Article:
October 14, 2019
Texting or e-mail: Which gives you more secure communication?
WhatsApp, text or email—which is the most secure option when your conversation really has to be locked down?
The recent private-messages-going-public news with Congress scouring the messages obtained from diplomats as part of its impeachment inquiry again has private exchanges top of mind and offers a good jumping-off point to discuss what options you have with the tools you use most.
There are varying degrees of privacy or protection among the chat and communication platforms. Ultimately, there are precautions you can take.
Encryption, says Apple on its website, is used to protect trillions of online transactions every day, for shopping, paying bills and communicating with programs like its own iMessage or FaceTime, or Facebook's Whatsapp. Encryption, says Apple, "turns your data into indecipherable text."
And this has been a hot topic in Washington. Attorney General William Barr wrote to Facebook, asking it to change its encryption policy for Whatsapp.
"We must find a way to balance the need to secure data with public safety and the need for law enforcement to access the information they need to safeguard the public, investigate crimes, and prevent future criminal activity," Barr said.
Facebook opposes Barr's request.
Meanwhile, how to encrypt your communication?
Start with e-mail
Messages written via popular web programs like Google's Gmail, Microsoft's free version of Outlook or Yahoo Mail are not encrypted by default, nor is government or corporate e-mail. (There are ways to send encrypted Gmail, but only to other Gmail users, via a third party plug-in.) The free webmail programs are both easy to track, both by subpoena and by the companies offering the free tools, says Micah Lee, director of information security for the Intercept website. "E-mail is the easiest to spy on," he says.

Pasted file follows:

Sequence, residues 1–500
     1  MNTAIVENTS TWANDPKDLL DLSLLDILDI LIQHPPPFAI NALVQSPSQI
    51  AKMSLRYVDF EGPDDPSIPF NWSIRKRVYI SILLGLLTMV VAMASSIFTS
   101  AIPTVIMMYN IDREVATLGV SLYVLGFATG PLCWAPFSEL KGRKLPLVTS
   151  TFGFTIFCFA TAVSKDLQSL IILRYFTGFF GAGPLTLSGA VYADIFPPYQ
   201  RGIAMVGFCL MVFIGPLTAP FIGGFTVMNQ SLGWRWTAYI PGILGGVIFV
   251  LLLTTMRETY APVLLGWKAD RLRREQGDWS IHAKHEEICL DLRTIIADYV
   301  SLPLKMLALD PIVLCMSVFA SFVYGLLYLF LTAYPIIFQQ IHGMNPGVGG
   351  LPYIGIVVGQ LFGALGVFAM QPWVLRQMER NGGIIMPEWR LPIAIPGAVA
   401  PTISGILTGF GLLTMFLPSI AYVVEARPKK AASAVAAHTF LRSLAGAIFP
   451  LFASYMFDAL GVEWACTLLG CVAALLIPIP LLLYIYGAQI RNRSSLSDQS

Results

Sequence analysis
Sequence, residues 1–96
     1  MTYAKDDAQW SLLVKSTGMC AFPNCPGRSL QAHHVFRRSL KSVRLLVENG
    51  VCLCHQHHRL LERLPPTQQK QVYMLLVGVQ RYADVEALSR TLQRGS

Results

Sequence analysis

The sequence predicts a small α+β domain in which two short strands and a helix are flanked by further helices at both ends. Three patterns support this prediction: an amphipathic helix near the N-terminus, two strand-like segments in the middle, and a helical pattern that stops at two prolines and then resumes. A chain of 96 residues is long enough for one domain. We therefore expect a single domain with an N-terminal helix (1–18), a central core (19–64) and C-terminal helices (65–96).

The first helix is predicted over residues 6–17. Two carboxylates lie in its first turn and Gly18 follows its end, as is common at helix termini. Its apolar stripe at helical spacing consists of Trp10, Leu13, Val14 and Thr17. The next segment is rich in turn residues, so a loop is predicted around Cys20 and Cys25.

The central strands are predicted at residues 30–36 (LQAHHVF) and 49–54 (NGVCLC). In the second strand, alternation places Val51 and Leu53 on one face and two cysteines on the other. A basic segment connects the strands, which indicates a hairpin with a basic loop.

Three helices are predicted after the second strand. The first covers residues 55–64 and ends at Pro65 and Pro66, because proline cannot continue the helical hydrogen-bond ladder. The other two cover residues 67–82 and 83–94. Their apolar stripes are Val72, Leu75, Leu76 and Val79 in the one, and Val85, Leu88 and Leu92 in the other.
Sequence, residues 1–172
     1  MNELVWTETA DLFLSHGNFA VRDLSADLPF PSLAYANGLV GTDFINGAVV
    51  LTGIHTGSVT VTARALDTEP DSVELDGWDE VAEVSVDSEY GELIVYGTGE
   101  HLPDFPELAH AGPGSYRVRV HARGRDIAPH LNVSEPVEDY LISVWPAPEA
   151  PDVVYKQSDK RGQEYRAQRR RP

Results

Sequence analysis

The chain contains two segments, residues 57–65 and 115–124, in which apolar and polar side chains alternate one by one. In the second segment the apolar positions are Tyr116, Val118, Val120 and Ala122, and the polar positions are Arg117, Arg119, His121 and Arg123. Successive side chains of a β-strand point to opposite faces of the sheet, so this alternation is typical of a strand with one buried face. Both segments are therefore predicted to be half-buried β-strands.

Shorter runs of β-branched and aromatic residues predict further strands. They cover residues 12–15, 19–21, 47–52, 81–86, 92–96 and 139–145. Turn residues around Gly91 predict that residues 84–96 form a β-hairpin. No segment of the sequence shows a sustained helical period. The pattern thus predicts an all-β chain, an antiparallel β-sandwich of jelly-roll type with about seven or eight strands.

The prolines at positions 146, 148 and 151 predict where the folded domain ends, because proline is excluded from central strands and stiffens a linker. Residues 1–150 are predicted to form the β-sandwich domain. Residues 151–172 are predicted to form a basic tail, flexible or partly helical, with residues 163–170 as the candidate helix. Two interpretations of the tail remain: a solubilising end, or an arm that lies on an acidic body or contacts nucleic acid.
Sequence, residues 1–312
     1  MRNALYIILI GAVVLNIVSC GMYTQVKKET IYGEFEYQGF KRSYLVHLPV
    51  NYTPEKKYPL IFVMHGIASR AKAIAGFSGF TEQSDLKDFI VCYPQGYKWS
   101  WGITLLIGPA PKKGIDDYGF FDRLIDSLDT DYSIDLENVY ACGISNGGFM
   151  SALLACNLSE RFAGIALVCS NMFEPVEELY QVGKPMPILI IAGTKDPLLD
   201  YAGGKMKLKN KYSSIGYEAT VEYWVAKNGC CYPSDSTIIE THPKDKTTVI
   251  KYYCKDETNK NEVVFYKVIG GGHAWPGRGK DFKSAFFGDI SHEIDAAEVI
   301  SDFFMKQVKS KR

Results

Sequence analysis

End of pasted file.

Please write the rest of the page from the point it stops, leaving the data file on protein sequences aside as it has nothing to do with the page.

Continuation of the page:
That said, there are a handful of startups offering encrypted e-mail, including Switzerland-based Proton, while Microsoft offers the ability to encrypt Outlook (for paying subscribers), but it's complicated. You essentially turn it into gibberish and send a "digital key" to the recipient to unlock it and make it readable.
So you want to turn to the phone and secure text messages
"But you shouldn't use a company device," says Lee. "Many of these have corporate spyware and can take screenshots of what you're doing. Only use your personal phone."
If your personal phone is a Samsung, it offers a feature to encrypt data after it's been generated and have it stored on an external SD card for Galaxy phones. To use this feature for text messages, download the Messages app for Android and move them there. Know that once you encrypt the data, you're able to decrypt the data only on the same device. Samsung notes that you won't be able to read it anywhere else.
Additionally, the iPhone has a feature that can prevent outside forces like law enforcement or the government from using a USB device to tap into your phone and grab your unencrypted data. Go to Settings, Touch ID & Passcode, and scroll to the bottom for USB Accessories, to click off and prevent USB accessories from connecting when the iPhone has been locked for more than an hour.
Traditional SMS text messages on your phone